Friday, September 15, 2006

Fix-it Fridays: Technology Training or providing more for patrons than you do for staff

This Fix-it Friday will focus on meeting the needs of your patrons, but failing to do so for your staff.

As I have mentioned in previous posts, the library is going through major transformations in providing technology for our patrons. We are making attempts to bridge the digital divide and knowledge gap so that our community produces a competitive workforce and informed citizenry. We will more than double the amount of public access computers at our library and provide all the latest software to meet user needs. If you go to any public library in Arizona now, libraries that have received Gates Grants have all these new sleek black computers, lots of RAM, they can do almost anything. It is fantastic! What strikes me as funny is that we are trying so hard to make sure our patrons are trained to use computers and then providing them with the latest technology, but we are forgetting about doing the same for our staff members. The realization hit when you stand back and look at all these beautiful new machines, and then turn around and see these old white clunky dinosaurs with TV type monitors. You have a back to back comparison of the latest technology versus the 1990s technology. Yikes!

The problem with computers for staff is that we have to rely on the city’s schedule. They will replace all of the computers on a three year cycle. Cities and libraries don’t have the advantage of a Gates Grant or applying for any grant that just covers administrative overhead or basic infrastructure. No one wants to fund a grant like that, just the same as not many people would vote for a bond to renovate their own city hall building. The funding agency should be able to cover its own internal matters. So as a library, we forced to sit back and wait for our city IT to move its own infrastructure into the 20th century when the citizens its serves are moving at the speed of light. I guess that is good and self-less, but it doesn’t feel good for those who work for the city and don’t get the same attention.

We are doing the same thing with training opportunities. We have this great line-up of classes and programs for the public. It teaches them information on financial literacy, information literacy, and all sorts of literacy type stuff, but we are not doing the same things for our staff. We have technology classes twice a week to teach basic computers, internet, email, and even e-bay, but we are doing the same things for our own staff. Granted, they have this basic knowledge. When they first came on board, we taught them how to use our Integrated Library System, we taught them how to use the internet and the basics of a computer, so these same classes are not needed. However, we still need to teach and re-train basic computer and catalog concepts. What we really need to do is transform our staff into computer techie people so that they can trouble-shoot and assist our patrons more readily. The problem with this is that only I and one other person really have those technology skills to teach. We need to teach our staff how install and un-install programs, how to troubleshoot simple computer and internet problems, we need to teach them basic IT things so that they can provide some sort of triage before calling in the cavalry (IT). The problem is that I have to squeeze time to make this a priority. I need to sit down and write a manual and teach it. We are in the process of forming our technology plan and I am writing the manual, but all these concepts will take forever to teach all of them.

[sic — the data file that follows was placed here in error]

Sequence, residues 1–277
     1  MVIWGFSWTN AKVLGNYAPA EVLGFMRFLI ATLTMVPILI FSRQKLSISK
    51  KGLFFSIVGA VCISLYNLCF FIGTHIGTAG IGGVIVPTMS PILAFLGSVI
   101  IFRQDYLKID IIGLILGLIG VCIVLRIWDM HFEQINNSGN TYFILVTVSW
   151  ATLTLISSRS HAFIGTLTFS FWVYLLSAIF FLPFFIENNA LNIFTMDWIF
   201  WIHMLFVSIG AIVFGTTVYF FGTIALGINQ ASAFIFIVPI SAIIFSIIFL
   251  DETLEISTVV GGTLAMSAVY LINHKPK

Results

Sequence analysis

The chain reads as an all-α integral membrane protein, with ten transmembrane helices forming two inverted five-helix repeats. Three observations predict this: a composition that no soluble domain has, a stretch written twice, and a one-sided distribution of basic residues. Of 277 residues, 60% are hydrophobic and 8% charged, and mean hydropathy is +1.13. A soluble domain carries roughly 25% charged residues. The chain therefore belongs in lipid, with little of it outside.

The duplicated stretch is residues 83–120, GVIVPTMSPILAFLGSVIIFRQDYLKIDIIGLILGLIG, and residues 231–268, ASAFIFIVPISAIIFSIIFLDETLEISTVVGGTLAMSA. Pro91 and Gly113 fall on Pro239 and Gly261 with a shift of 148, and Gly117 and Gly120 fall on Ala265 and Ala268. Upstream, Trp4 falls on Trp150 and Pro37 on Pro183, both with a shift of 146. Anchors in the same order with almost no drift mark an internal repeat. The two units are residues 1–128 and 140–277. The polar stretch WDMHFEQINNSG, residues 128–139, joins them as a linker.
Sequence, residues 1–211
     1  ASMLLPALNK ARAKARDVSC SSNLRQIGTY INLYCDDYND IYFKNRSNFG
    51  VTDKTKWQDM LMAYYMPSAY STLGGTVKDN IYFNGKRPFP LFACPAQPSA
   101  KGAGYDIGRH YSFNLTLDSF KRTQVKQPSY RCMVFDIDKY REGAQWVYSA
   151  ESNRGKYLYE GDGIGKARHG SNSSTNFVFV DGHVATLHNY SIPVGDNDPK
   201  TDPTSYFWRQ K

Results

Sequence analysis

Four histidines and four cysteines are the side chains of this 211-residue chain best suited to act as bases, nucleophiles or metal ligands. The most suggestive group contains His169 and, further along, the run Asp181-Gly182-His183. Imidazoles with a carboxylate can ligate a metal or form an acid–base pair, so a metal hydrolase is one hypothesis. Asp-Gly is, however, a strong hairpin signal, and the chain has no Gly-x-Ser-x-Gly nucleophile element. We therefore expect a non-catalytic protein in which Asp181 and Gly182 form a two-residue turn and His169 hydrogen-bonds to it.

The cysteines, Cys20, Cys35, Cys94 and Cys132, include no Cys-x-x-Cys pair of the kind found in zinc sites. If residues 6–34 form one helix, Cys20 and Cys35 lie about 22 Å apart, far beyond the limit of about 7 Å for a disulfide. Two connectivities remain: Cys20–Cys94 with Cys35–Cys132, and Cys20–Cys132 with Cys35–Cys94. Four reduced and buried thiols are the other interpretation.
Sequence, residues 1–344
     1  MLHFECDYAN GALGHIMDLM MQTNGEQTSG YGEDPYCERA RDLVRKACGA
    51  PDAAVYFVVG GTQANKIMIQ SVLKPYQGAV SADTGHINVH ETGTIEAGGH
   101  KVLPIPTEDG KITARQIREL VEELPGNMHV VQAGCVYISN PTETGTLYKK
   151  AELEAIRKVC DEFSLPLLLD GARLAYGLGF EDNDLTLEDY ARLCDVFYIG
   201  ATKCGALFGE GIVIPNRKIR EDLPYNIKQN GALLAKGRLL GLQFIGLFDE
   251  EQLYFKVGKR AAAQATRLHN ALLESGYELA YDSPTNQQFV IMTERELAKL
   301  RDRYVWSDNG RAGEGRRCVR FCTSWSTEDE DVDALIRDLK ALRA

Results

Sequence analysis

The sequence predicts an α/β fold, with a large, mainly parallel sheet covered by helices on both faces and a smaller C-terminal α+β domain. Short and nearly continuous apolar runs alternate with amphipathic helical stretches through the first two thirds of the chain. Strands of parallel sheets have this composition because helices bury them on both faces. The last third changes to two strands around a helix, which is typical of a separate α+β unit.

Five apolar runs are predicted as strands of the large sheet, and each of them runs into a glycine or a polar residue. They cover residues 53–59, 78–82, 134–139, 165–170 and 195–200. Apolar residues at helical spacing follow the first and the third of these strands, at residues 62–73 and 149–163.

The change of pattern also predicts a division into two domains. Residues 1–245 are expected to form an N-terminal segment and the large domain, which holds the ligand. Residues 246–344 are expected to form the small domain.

How will I ever find the time to teach them especially when we are so thinly staffed most of the time? All of the technology manual concepts will be forever changing. That was one of the reasons we stopped teaching our computer maintenance class, it is too complicated and takes too much time to keep up on the concepts that are needed to help ourselves and our public. The only training opportunities are over an hours drive away and we can’t afford to send everyone to the training. Usually, it is not even library specific. I am looking into using several techniques to help our staff become naturally inquisitive about technology. One of the problems is that they don’t want to touch anything on the computer. It is too intimidating. I need to break the habit and get them to learn concepts on their own. My plan is to develop a library technology manual, some of it will be developed with the help of Webjunction and some from our Library Technology Plan Consultant that was funded by a Library Services and Technology Act from the Arizona State Library Archives and Public Records. (I try not to use acronyms) I also plan to use some Library 2.0 training concepts. I am using a modified 43 Things concept I found from the Information Outlook, February edition called 23 Things. I am planning on creating incentives for staff to learn on their own. Just don’t want them to get spoiled and then not want to do anything unless they get a cookie. That is always a tough line to walk. I hope the plan works, it seems like it is working over at Public Library of Charlotte & Mecklenburg County County (PLCMC). I will keep my fingers crossed.

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